Talking with R.M. Guera
Updated: Jan 24, 2020
Rajko Milošević a.k.a. R.M. Guéra has been drawing comic books professionally since 1982. He debuted in the Yugoslav comic book industry and has since been published in Spain, France, and of course the United States. He has worked with Jason Aaron on the critically acclaimed series "Scalped", which is one of top 10 favorite books. He has also collaborated with Aaron on " The Goddamned", a book set in biblical times before the Flood. That book while only having one volume out, is another solid book, and I can't wait for the next chapter.
Comic Lounge: How did you first get your start in comics?
R.M. Guera: If you mean “at all”, I was just drawing abundantly since I knew about myself; and if you meant when aiming to go pro, in late seventies there were comic book magazines in Ex-Yugoslavia (“Yu Strip”, “Stripoteka” & many more...). Although pretty young, I just went there, presented myself & it started. Instantly. From smaller to bigger stuff.
Comic Lounge: Scalped is one of my favorite books, I've read the whole series at least 5 times. What was it like working with Jason Aaron on "Scalped"? Were you surprised it was as successful as it was?
R.M. Guera: Many thanks mate. It was superb of course, we’re still working together as you know. Maybe the best word would be ‘natural’ & from the get-go, some kind of instant chemistry. We’re different by nature, so it could be said, twas like a coin finding its other side.
Success was a great consequence, but the main thing was that everyone gave all they had all the time. Nobody
measured anything, we had great time working hard, so when Scalped gained general acceptance, it was more like a feeling of relief. Admiration came through enjoyment, gave peace.
Comic Lounge: Did you go on location for referencing for the book?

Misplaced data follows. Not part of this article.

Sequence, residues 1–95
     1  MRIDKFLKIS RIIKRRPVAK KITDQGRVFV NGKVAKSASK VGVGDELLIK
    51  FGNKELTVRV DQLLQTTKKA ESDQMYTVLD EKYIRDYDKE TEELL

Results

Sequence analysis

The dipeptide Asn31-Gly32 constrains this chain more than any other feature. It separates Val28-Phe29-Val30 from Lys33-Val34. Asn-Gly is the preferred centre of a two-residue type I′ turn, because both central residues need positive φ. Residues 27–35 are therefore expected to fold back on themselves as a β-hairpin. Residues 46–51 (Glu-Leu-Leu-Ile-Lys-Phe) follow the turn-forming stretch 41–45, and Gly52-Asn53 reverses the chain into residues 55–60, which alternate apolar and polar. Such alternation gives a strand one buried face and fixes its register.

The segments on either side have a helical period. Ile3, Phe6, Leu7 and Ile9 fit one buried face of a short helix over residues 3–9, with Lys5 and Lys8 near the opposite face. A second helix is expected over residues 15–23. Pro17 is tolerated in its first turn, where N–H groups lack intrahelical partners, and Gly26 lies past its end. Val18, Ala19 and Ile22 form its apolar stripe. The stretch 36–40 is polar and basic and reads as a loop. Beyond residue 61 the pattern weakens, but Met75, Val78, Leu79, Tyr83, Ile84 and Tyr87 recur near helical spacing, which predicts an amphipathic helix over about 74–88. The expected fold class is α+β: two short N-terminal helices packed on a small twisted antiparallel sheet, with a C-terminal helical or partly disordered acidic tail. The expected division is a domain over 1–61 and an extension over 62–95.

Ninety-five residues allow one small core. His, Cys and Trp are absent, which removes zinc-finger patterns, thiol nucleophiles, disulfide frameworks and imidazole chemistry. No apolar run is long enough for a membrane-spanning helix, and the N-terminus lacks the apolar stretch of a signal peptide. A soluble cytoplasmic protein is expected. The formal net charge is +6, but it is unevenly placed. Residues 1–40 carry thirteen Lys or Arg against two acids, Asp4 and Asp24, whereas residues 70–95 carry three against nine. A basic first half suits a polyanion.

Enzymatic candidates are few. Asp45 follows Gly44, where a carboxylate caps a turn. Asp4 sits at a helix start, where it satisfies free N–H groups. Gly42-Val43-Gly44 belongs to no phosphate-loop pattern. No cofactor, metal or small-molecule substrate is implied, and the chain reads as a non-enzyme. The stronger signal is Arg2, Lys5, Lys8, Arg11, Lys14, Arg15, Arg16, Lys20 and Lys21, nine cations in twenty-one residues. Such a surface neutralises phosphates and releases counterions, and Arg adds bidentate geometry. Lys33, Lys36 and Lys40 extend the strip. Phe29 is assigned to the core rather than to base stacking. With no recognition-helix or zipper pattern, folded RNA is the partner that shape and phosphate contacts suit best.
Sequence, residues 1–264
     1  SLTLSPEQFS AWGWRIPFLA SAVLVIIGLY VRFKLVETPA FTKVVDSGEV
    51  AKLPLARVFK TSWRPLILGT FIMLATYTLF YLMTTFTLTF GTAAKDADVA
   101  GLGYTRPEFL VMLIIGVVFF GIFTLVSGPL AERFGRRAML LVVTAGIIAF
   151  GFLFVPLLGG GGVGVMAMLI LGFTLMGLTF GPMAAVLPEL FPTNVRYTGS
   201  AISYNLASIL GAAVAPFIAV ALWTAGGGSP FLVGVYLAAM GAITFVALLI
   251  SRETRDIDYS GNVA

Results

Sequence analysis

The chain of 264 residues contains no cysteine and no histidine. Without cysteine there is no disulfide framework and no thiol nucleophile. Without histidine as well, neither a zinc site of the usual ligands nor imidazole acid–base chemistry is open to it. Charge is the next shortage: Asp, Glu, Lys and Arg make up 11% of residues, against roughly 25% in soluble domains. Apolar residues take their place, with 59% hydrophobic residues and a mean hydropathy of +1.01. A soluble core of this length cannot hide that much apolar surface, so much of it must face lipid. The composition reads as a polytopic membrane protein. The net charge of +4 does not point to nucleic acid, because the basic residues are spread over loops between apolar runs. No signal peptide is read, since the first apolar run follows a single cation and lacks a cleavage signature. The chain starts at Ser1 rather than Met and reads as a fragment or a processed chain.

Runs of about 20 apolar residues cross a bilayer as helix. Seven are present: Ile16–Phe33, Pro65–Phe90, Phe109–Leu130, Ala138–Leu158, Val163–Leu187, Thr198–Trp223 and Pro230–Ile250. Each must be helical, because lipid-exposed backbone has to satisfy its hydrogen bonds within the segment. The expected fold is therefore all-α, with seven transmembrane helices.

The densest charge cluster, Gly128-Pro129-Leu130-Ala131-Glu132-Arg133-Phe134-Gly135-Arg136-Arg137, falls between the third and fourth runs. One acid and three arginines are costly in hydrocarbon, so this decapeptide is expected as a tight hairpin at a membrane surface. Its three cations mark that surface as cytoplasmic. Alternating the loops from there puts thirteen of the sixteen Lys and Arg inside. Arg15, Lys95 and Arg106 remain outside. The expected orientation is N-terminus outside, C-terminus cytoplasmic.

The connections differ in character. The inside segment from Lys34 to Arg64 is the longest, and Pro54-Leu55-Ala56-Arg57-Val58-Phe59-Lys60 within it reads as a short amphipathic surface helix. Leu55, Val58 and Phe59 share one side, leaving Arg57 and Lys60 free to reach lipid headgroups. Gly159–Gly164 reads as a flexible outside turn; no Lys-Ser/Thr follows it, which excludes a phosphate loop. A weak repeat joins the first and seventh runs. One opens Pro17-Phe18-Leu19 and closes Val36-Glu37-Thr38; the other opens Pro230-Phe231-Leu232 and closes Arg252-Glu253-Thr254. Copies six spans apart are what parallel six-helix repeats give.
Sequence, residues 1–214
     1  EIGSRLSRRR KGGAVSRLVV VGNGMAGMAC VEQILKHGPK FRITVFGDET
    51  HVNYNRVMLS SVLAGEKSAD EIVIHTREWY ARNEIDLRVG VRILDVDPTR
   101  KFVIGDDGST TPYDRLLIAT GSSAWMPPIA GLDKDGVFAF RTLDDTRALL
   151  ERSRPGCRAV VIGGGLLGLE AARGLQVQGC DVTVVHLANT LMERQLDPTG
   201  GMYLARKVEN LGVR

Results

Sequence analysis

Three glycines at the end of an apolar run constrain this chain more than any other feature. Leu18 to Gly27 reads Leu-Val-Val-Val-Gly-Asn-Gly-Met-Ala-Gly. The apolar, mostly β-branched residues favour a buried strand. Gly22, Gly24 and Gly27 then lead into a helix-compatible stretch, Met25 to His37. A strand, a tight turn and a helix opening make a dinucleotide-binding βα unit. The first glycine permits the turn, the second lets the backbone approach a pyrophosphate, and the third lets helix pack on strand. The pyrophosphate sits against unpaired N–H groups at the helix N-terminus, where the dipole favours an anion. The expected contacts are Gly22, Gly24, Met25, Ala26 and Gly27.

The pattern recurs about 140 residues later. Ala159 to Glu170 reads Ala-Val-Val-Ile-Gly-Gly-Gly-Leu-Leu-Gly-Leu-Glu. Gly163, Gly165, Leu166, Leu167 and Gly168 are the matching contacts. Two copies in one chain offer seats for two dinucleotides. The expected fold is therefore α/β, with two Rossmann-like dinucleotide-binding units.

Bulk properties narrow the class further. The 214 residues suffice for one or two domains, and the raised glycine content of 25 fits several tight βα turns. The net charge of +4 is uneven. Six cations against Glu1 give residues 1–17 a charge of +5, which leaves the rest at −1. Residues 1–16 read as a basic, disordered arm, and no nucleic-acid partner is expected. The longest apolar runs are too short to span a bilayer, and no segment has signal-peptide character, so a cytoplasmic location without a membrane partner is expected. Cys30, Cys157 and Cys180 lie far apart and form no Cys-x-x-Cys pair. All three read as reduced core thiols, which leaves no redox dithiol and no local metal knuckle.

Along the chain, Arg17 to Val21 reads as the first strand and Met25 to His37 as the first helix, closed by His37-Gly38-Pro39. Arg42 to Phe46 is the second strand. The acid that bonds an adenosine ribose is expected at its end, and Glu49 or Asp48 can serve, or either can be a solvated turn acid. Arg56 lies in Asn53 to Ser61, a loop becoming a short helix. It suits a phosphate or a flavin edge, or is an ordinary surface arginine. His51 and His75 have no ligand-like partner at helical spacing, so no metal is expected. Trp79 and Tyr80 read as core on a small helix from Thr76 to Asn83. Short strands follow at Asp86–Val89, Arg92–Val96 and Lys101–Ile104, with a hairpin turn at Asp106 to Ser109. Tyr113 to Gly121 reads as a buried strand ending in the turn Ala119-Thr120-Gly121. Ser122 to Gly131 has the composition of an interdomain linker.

R.M. Guera: I've been asked that various times & I still consider it as one of the biggest compliments. No, I didn’t. There’s an eventual secret to that & it’s that I was drawing what I saw while spending time among Serbian gypsies – the whole thing, poverty, constant smell of violence, dirt, pointless existence, hierarchies... Things like those, I took that feel. And western is in my blood stream (maybe IS my blood stream). I saw “Wild Bunch” in a number that could be worrying...
Comic Lounge: What character did you enjoy drawing the most?
R.M. Guera: All of them, really. It's not just a phrase.
The only one that can be considered as special is Granny Poor Bear, as it is an actual portray of my own grandmother from my mother’s side. She also was like that – very decisive, adult, tough, aimed... Charming in that adult way that seems like it's disappearing from society in general and I miss it a lot.
Comic Lounge: I know there are plans to adapt the series for television, what are your feelings about that?
R.M. Guera: Good, but seems like the whole thing came to a stop. They made a pilot, but I’m not sure it’ll come to be.
Comic Lounge: You also work on "The Goddamned" with Aaron, are there any plans to continue that book?
R.M. Guera: Yes, I’m working on the second book as we speak.
Comic Lounge: Which artists influenced you the most when you were younger?
R.M. Guera: It’s a peculiar mix, and it’s the old guys all the way. Real heroes.
Probably the most important influence of my life was Joao Mottini, he came early, before my teens, and definitely made my skeleton, my essence. I really doubt I could put in words the impact he had on me. At the same time, but with lesser importance came Ruggiero Giovannini and Alberto Breccia (as I said – peculiar. They’re not generally known, sorry to say).
From my puberty onwards, there came people who made my muscles:
Jean Giraud and Franquin as most important, but all the time mixed with very, very strong presence of people like Frank Robbins, Jack Davis, Wallace Wood, Noel Sickles... It is difficult to puzzle it all out. Even with age.
Comic Lounge: Do you ever plan on working on other characters like Batman, etc.?
R.M. Guera: Yes of course, I’d love to, that’s always present, but I really have difficulties with clichés. I’m bit awkward on doing expected. Script is the key.
Comic Lounge: Are there any projects you're currently working on that you can talk about?
R.M. Guera: “The Goddamned” obviously, as the main project; I’m also at the final stage of western book “Golden Gun” (album sized “Tex Willer” series) for Italian “Sergio Bonelli”, tho I’ll try to avoid doing two books at the same time in the future. It really can be exhausting.
Next year is almost sold-out, some US aimed, some European, but for the moment it’s better not to say too much, as schedules can be hard on verifying one’s word.